In Jessie Burton’s novel The Muse, she lays out the scene of two countries separated by both time and space: 1930s Spain and 1960s England. Within the novel, Burton develops the story of two young women, each struggling with their own creative passion and, as it comes to light, genius. At a time when her own father dismissed female artists as mediocre, young Olive Schloss is struck by her own fear of never becoming an artist, by her deeper fear that perhaps as a woman she is not destined for greatness at all. Into London’s sixties, Odelle Bastien is forced to not only endure the obstacles thrown into her writing endeavours, but also the blatant racism of being a “Caribbean émigré” working within the elitist world of London’s art scene.
Although each of the young women are introduced as main characters in their own right, it becomes apparent that there are more lines drawn in this story. Although Olive Schloss is focused on her own goals and aspirations, the environment around her begins to fall into chaos at the onset of the Spanish Civil War. This novel allows for a discussion on intersectionality; Oliver at a disadvantage as a woman, while remaining clearly privileged and ignorant of the strife of those she seeks to take inspiration from. In this way, Burton is able to underline not only the flaws in authorship as far as structural sexism is concerned, but also structural racism, offering an intersectional and interrogative read.
With each flash-back to 1960s London, Burton refocuses on Odelle Bastien’s struggle. Although the story of Olive Schloss and company is integral to the plot, and does raise some more questions on how much the world has really changed in their treatment of the other, be it race or gender, Odelle’s storyline is sometimes overshadowed by the drama of the rumblings of war in Olive’s. This is unfortunate because Odelle’s entrance into the London art scene through the Skelton institute, working as a typist, may have acted as a stronger conductor for intersectional discussion. Driven, Odelle throws herself into her work and, eventually, her creativity inspired many. True, the two stories are essential to one another in order for the plot to progress and, true, each acts as a comparison for the other in order to further a discussion on racism and sexism, but if Burton’s work falters anywhere, it’s likely in its clouding of the incredible story of Odelle Bastien.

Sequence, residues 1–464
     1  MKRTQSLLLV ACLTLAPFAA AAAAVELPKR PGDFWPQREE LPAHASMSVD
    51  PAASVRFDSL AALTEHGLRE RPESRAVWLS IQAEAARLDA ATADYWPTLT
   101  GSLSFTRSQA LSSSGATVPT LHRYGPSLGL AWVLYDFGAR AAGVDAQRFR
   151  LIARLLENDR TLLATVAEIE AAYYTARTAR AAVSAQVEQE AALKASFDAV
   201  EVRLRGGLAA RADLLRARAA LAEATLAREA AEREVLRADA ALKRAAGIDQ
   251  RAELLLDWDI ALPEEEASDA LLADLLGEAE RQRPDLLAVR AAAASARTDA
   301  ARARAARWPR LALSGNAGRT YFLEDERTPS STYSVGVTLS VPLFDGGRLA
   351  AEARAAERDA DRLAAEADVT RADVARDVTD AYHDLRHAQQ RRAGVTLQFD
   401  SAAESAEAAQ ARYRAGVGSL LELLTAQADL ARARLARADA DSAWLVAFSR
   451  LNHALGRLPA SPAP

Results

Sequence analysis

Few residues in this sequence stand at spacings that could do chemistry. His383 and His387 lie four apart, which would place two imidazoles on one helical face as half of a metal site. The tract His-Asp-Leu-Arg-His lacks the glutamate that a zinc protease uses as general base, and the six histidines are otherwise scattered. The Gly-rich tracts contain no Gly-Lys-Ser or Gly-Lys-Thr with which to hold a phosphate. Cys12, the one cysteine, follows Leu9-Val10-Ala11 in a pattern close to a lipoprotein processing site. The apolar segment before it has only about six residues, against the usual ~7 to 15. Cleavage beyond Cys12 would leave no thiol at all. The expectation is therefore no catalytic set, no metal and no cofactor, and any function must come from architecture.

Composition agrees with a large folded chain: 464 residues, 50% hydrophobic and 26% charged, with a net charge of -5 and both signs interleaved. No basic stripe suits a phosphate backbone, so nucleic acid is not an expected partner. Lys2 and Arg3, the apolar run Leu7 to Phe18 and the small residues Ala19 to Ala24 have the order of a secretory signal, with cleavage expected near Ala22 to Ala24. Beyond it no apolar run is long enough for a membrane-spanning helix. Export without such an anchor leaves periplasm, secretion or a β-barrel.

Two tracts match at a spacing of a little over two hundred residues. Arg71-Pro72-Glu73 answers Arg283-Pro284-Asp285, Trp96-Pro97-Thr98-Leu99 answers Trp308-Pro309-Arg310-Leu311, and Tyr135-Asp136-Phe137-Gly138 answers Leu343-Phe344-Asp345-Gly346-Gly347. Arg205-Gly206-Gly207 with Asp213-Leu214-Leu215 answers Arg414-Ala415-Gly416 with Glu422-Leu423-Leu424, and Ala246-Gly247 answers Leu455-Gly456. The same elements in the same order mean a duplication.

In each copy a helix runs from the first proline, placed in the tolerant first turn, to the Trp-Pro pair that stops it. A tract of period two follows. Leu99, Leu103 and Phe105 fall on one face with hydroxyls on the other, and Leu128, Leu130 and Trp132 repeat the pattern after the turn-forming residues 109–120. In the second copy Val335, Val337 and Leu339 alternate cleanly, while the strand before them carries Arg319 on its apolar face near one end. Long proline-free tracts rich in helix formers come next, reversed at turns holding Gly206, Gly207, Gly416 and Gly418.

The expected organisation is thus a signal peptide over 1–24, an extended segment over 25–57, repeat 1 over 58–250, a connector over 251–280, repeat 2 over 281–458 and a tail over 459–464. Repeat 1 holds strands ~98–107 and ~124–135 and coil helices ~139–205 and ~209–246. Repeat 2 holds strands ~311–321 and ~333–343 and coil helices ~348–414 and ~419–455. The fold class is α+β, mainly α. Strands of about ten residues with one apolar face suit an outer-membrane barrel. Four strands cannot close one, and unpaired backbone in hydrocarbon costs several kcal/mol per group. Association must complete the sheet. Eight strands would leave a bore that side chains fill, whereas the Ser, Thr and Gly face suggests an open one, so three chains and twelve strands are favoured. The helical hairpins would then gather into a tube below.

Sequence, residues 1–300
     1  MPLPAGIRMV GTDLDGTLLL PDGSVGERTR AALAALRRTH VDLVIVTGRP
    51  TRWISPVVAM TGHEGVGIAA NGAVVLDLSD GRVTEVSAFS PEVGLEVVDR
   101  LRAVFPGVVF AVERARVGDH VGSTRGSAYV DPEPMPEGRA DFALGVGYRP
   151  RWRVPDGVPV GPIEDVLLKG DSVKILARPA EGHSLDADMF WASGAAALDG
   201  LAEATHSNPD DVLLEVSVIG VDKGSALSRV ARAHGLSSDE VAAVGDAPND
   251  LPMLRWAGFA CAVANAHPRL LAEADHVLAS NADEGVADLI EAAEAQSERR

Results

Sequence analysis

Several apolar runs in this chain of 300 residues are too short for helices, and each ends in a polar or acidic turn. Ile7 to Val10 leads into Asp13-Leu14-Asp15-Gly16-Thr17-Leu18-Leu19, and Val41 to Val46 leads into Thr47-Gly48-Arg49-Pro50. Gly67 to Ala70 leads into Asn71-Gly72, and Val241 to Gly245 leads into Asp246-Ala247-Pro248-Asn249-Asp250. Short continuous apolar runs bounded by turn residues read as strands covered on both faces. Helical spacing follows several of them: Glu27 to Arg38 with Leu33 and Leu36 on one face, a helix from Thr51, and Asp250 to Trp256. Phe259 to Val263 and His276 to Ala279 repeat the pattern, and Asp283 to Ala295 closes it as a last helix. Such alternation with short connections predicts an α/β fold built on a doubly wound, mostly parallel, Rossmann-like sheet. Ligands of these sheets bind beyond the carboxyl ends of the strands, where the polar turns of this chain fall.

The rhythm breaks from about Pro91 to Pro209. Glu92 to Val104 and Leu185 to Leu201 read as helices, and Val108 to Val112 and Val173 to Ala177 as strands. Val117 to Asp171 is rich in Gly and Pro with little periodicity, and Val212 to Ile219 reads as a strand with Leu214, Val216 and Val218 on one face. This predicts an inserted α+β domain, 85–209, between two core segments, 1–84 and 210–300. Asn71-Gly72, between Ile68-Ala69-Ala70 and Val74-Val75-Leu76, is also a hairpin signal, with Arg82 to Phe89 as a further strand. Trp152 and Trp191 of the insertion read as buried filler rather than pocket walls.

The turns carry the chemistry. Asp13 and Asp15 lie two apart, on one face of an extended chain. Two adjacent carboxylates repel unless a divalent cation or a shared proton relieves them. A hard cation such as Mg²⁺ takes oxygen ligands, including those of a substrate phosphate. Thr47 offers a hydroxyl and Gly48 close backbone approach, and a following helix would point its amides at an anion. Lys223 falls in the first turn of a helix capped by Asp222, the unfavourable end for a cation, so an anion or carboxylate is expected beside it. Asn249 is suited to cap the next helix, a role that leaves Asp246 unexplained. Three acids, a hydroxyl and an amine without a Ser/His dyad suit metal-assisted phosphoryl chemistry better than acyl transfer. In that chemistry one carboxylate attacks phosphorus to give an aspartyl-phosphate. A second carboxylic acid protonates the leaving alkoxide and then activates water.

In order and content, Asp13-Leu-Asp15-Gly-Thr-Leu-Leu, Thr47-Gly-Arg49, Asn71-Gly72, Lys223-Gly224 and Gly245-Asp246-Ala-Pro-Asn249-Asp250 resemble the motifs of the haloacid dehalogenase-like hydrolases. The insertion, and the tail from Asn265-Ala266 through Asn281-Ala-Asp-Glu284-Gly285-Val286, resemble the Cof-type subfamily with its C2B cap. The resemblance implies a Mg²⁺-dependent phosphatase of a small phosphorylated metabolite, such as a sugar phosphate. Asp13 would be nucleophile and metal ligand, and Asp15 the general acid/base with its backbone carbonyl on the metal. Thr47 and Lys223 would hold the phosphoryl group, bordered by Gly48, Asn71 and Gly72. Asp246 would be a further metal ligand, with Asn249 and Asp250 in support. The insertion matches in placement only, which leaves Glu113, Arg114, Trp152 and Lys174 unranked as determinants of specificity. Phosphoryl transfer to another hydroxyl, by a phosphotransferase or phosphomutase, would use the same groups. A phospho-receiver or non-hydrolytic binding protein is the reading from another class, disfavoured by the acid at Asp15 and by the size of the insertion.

Apart from an intersectional discussion, Burton’s novel hurls itself into a discussion on art, the artist, and how each interacts with the rest of the world. Both Olive and Odelle face the challenge of their desire to create art becoming clouded and adulterated by those who view and read their it. Each come face to face with questions that invade their desire to paint and write: who the art is for? why art is being made? and what do each truly desire as artists – fame or to simply create?
This discussion of the pressure of those witnessing the artist may have an underlying inspiration itself, as this is Burton’s second novel. She debuted her novel The Miniaturist in 2014, where it quickly became not only an internationally published work, but an international best seller. Burton’s interrogation of whom art is for and how it is perceived by the world beyond the artist may have stemmed from her own questioning of art, under the pressure of writing a second novel to follow up her first extreme success.
Either way, Jessie Burton’s The Muse is an eloquently crafted story of two worlds facing crisis that, when looked at closely, hold similar threads of thought and experience running through them. The writing is clear and brisk, sprinkled with wit, and at times is able to depict the exact rawness of human emotion. The Muse is worth a read, not just to experience the expert story telling of Burton, but also to spawn a deep survey yourself in regards to what the purpose of art is, and who it is truly for.
Shannon Parr, Arts & Culture Editor